When We Rise: Coming of Age in San Francisco, AIDS, and My Life in the Movement
Last year, journalist Michelangelo Signorile’s It’s Not Over detailed how the right wing and some religious groups were working feverishly with antigay organizations to attack any pro-gay initiatives such as marriage equality, gays serving openly in the military, and even LGBTQ anti-discrimination protections in employment and housing. In the wake of the 2016 election GLBTQ Americans have even more reason to mobilize to protect civil-rights. San Francisco activist Cleve Jones’ memoir When We Rise couldn’t come along at a better time. It is a stirring account of Jones’ “Life in the Movement” that spans 40 years and is otherwise an inspiring rallying cry for social justice and vigilance.
Jones grew up in the 60s, the rebellious son of liberal professor parents, early on choosing his own resolute and if necessary defiant path academically, emotionally, and sexually. Jones’ activism began while at Arizona State University, where he joined a small gay college group and even arranged for legendary lesbian feminist pioneers Del Martin and Phyllis Lyon, co-founders of The Daughters of Bilitis, to speak there.
Soon enough, Jones became involved in a number of allied political causes on the West Coast, eventually moving to San Francisco. In San Francisco he worked as a hustler and took a number of part time jobs to save money. He became part of the booming community of thousands of gays and lesbians emigrating from their hometowns to live their truth in a liberated environment.
From the start Jones was a rebel with a cause, aligned with the gay civil-rights pioneer Harry Hay, who challenged the philosophy that only definable difference between homosexuals and heterosexuals was what they did sexually. To gay liberationists it was a matter of immutable sexuality as well as identity, character, community, and even spiritual awareness.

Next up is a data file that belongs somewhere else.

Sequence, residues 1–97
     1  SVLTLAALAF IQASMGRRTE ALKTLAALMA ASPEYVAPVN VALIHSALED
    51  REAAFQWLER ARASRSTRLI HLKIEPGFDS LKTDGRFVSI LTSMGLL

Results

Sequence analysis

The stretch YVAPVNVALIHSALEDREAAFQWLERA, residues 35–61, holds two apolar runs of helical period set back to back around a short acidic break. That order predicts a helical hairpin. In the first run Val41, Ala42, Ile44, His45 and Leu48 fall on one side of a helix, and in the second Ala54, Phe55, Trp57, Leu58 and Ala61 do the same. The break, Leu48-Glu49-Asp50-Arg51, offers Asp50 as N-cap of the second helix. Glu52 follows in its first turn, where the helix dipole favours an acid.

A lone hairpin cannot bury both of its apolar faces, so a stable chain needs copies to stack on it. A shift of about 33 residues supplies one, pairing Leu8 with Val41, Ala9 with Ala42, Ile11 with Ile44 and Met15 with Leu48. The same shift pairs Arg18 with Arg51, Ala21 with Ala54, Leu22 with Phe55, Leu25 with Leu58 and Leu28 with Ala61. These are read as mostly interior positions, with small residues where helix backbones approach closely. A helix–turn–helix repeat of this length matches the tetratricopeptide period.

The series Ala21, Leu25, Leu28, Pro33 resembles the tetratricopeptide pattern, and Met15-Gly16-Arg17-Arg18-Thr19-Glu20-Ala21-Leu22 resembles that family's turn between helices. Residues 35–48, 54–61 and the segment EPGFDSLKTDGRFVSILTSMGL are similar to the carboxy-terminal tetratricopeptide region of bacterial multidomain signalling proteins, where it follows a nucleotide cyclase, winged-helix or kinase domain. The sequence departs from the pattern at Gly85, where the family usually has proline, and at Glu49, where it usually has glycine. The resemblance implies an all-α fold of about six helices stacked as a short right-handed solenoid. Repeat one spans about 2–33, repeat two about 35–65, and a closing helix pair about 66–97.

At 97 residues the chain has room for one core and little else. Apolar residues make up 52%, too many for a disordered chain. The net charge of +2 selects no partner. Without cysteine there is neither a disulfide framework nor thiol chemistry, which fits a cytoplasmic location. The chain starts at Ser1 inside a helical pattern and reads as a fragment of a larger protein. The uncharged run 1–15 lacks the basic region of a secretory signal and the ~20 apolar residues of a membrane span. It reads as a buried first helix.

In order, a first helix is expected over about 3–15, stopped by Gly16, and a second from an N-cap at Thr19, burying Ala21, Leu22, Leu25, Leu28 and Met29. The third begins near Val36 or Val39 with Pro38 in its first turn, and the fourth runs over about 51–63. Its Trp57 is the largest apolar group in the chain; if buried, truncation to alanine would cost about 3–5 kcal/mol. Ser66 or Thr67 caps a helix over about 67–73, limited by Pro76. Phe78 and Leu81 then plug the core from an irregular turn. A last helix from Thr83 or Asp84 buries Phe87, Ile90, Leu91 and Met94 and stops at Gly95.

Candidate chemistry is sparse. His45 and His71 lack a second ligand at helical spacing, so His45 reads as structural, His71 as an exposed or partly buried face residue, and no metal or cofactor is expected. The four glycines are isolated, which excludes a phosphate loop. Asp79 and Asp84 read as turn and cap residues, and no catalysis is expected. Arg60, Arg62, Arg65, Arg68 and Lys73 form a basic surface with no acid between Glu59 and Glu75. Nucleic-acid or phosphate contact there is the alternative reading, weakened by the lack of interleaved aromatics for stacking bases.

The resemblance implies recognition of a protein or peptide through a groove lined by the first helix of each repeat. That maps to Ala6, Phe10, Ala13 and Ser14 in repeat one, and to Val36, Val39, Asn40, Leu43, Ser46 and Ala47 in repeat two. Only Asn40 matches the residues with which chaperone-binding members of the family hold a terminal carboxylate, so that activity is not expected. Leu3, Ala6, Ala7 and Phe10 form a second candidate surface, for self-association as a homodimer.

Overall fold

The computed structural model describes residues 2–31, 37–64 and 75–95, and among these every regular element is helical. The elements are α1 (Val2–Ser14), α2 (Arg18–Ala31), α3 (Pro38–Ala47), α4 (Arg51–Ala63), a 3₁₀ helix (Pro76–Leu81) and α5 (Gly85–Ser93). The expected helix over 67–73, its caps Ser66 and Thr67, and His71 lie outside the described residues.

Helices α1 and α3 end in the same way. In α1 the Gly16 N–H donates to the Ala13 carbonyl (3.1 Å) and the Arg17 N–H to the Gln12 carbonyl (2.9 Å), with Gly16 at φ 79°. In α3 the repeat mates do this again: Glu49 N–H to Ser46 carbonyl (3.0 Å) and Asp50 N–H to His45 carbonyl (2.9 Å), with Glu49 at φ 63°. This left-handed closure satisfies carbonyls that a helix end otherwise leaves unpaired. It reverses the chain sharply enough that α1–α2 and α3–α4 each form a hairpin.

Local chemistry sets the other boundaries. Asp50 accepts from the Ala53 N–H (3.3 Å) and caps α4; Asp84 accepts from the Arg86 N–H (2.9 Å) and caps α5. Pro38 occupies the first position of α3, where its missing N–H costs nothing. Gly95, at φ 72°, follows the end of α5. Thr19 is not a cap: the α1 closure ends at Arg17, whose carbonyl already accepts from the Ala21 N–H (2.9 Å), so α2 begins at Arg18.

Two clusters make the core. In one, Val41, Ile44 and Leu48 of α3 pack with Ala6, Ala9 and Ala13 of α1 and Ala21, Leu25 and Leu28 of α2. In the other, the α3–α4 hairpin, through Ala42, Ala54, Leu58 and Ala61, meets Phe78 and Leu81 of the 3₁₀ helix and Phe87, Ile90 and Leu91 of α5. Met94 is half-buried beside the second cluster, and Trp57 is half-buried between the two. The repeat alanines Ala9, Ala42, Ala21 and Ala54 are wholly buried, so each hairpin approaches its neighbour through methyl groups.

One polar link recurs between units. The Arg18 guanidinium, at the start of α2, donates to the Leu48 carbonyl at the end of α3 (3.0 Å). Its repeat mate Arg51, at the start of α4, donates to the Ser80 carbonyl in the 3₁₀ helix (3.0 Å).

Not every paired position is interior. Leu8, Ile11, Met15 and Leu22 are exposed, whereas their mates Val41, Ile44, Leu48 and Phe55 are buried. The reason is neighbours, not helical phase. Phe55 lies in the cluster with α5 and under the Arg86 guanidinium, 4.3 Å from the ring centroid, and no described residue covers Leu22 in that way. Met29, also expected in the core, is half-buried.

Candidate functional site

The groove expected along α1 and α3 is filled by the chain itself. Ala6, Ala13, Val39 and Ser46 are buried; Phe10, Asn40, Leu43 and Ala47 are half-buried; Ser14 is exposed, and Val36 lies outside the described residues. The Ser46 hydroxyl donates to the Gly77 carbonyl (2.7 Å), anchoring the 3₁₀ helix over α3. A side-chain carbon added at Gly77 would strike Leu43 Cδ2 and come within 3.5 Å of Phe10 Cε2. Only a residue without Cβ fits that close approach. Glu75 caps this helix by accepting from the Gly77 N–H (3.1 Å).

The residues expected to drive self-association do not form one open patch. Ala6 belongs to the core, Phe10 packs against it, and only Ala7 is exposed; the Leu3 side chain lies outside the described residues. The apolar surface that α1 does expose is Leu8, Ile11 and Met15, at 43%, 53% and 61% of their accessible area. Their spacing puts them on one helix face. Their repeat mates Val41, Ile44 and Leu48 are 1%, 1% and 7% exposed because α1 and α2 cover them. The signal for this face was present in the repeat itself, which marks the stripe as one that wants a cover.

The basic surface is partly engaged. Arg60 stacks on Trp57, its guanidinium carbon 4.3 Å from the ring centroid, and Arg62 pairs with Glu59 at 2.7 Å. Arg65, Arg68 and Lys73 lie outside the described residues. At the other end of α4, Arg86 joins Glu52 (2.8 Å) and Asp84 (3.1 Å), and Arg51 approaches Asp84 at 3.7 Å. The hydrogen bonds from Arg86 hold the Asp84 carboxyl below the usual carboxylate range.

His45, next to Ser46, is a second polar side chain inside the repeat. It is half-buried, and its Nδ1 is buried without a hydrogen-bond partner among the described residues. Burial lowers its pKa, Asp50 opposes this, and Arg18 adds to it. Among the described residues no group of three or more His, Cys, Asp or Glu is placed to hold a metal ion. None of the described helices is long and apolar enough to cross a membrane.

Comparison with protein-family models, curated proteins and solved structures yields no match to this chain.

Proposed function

As part of his education, the 20-year-old Jones also took time out to travel and tramp around Europe, an eternal a student of history and not wanting to miss out on summers of international free love. Jones’ observations about gay life in various countries are candid, witty, and unexpectedly romantic in the travelogue in the center of the book.
Jones continued to go back to Europe during his 20s and recounts his numerous affairs with men in several countries. Meanwhile, he was also establishing himself in San Francisco as a formidable social justice organizer. He was back in college and was a student intern on Harvey Milk’s election campaigns to win a seat on San Francisco’s newly formed Board of Supervisors. He worked side by side with Milk to organize all over California to defeat the Briggs initiative that would have barred gays and lesbians from teaching in public schools. And he worked in at City Hall after Milk won the supervisor seat representing the Castro as the first openly gay elected official in California.
Jones’ account of the Harvey Milk and Mayor George Moscone murder by Dan White is a gripping inside account and eloquently non-exploitive. It is rather an insider testament to the compassion, fortitude, and community strength of gay and straight San Francisco. Jones’ leadership skills were eventually noticed by the state’s Democrat establishment in Sacramento as one of the state’s first gay community organizers and liaisons.
In the early 80s, Jones returned to San Francisco when it became one of the first cities to deal with the growing AIDS epidemic. Jones co-founded the San Francisco AIDS Foundation and created the AIDS Quilt Memorial Project, which memorialized over 85,000 Americans who have died from AIDS. The quilt became a living memorial to remember those lost to AIDS and bring awareness to the horrific realities of HIV-AIDS and the community of compassion as well as survival strategies in the face of a homophobic culture and the hostile indifference of the Reagan Administration.
By the late 80s, Jones was diagnosed as HIV-positive and as his T-cell count dropped, starting to present with opportunistic infections symptomatic of AIDS. He became a longtime survivor whose health was restored by the advances in the mid-90s of anti-viral medications.
His lifelong commitment and vigilance regarding social justice and equality for all minorities is an unbending profile of compassion, courage, and poetic truth. When We Rise is an inspiring manifesto for LGLBTQ solidarity in a perilous time. It is in part also the basis for screenwriter Justin Lance Black (who won an Oscar for his script for Milk) and producer Gus Van Sant’s upcoming ABC mini-series about the gay civil rights movement.